I disagree, since the definition of justification there used includes regeneration, they are still putting synergistic cooperation after the grace that enables it. You have effectively said in the past that regeneration by grace alone leads to the changed heart's saving faith upon which all else follows. The CCC is agreeing with you on that point, but using different language. "Justification [=regeneration plus forgiveness in CCC terminology] establishes cooperation" is what it says, NOT "cooperation establishes justification". There is no question that the RCC teaches that unmerited prevenient grace makes later cooperation with grace possible by "freeing" the will from bondage to sin, so to speak, which is the same as your "God comes to the rescue of those who are dead in their trespasses and sins and unable to cooperate."

Let us not forget that even according to the Calvinist ordo salutis the way God comes to the rescue of the spiritually dead is to grace them preveniently, regenerate them and thus enable or cause their act of saving faith, which is still their freely willed act. Aquinas, the classic theologian of RC soteriology said similar things. E.g., "a man receives the effect of Baptism by the power of the Holy Ghost, not only without Baptism of Water, but also without Baptism of Blood: forasmuch as his heart is moved by the Holy Ghost to believe in and love God and to repent of his sins" [Summa Theologica, P(3)-Q(66)-A(11)]. And: "The entire justification of the ungodly consists as to its origin in the infusion of grace. For it is by grace that free-will is moved and sin is remitted. Now the infusion of grace takes place in an instant and without succession." [P (II-I)--Q(113)--A(7)].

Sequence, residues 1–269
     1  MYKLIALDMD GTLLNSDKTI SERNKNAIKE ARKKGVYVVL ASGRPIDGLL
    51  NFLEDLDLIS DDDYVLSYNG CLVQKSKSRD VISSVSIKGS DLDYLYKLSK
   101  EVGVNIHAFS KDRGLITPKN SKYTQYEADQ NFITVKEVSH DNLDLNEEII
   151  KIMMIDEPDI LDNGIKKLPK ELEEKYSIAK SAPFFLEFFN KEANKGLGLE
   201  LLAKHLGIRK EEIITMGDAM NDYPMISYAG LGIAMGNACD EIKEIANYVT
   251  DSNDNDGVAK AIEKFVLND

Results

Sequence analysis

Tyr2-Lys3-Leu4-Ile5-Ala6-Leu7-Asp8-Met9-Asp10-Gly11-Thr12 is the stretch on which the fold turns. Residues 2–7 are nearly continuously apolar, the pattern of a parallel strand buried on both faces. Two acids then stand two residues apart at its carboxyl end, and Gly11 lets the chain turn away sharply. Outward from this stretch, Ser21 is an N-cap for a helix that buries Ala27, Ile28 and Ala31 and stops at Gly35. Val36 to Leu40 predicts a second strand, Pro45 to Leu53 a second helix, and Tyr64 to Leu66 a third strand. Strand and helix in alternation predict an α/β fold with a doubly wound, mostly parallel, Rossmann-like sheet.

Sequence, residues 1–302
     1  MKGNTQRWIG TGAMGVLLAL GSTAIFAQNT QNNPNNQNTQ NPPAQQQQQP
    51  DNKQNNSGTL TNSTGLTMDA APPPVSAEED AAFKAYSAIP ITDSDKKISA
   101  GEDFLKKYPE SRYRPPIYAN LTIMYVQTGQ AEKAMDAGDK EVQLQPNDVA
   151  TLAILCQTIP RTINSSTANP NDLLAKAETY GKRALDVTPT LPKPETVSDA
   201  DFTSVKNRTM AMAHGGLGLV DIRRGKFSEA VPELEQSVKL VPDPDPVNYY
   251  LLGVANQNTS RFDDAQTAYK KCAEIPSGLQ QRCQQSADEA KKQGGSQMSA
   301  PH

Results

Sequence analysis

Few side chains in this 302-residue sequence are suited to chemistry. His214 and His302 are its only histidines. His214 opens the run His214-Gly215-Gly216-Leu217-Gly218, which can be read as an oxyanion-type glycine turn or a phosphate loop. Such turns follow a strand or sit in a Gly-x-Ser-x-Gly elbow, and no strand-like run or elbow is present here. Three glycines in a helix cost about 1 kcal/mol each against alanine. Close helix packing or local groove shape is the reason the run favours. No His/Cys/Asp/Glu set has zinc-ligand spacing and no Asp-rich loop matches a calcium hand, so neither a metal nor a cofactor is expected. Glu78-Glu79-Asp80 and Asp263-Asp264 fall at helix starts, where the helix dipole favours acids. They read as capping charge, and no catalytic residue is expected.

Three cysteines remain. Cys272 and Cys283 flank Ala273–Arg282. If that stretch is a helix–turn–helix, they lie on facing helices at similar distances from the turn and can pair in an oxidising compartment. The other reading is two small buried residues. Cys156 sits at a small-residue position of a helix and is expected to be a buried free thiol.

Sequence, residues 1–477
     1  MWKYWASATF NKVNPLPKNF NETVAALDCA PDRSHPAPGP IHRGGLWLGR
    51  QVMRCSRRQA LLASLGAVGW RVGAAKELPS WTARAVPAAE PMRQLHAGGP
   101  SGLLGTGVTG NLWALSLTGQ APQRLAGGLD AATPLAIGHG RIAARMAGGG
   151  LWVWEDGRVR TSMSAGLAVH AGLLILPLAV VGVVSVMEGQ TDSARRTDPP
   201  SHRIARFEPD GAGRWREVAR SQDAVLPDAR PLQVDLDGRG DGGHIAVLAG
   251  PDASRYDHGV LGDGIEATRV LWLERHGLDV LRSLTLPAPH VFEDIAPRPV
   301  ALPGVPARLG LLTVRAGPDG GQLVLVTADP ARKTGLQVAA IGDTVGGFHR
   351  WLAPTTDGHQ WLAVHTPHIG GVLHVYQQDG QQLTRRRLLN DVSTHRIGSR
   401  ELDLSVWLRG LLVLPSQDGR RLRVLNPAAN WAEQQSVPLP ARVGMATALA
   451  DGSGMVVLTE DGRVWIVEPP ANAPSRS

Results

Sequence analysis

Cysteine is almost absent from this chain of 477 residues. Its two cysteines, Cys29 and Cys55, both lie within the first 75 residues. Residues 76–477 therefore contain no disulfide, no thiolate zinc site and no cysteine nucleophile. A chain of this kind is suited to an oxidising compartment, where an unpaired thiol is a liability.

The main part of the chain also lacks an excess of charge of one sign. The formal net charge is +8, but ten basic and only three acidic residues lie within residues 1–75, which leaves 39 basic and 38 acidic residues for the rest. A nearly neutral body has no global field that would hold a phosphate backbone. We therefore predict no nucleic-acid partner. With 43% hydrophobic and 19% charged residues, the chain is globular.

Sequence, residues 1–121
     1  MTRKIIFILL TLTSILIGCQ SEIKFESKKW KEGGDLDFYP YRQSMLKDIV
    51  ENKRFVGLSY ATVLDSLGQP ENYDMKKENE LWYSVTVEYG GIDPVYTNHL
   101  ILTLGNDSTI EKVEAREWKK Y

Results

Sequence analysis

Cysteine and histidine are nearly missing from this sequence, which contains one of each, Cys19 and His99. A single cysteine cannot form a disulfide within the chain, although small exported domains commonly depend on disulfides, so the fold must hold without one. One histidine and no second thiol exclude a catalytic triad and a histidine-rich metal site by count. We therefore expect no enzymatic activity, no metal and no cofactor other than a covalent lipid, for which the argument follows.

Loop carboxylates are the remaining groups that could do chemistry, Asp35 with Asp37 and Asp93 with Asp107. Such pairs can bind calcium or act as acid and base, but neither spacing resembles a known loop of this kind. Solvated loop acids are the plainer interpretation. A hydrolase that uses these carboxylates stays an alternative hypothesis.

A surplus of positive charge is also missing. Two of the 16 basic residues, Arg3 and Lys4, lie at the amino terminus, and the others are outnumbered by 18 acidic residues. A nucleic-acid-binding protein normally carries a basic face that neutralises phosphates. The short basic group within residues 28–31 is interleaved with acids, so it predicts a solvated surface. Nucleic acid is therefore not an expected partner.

So, the RCC clearly teaches that grace comes first, then comes cooperation. There is no question of cooperation being needed to "acquire" justification. But once God does rescue us, we are able to cooperate, as both sides agree.

Part of the problem here is not only the fact that you interpret St Paul's "justification" as being necessarily exclusively imputational (which the Fathers did not), whereas the RCC almost exclusively emphasises impartational connotations and ignores imputational ones (again unlike St Paul and the Fathers), but that you and they are even slightly different in the usage of "sanctification". The RCC always includes regeneration (and restoration from mortal sin to a state of grace) in sanctification, whereas you seem to distinguish these and mostly limit the term sanctification to spiritual growth in ethical holiness. This would not be an issue except that you also seem to interpret RC statements about the relationship between justification and sanctification according to the latter definition of sanctification and thus accuse them of making justification dependent on moral progress ab initio. But, in fact, when they connect initial justification and sanctification they are referring to the utterly gratuitous and fundamental ontological change by God in us (the monergistic "creation" of the "new man"), not the consequent changes involving our cooperation and constituting the "progressive ... renovation" to which you refer (i.e., the synergistic transformations as we "put on the new man"). All this is clearly seen in the CCC, a well as Aquinas and the Tridentine decrees.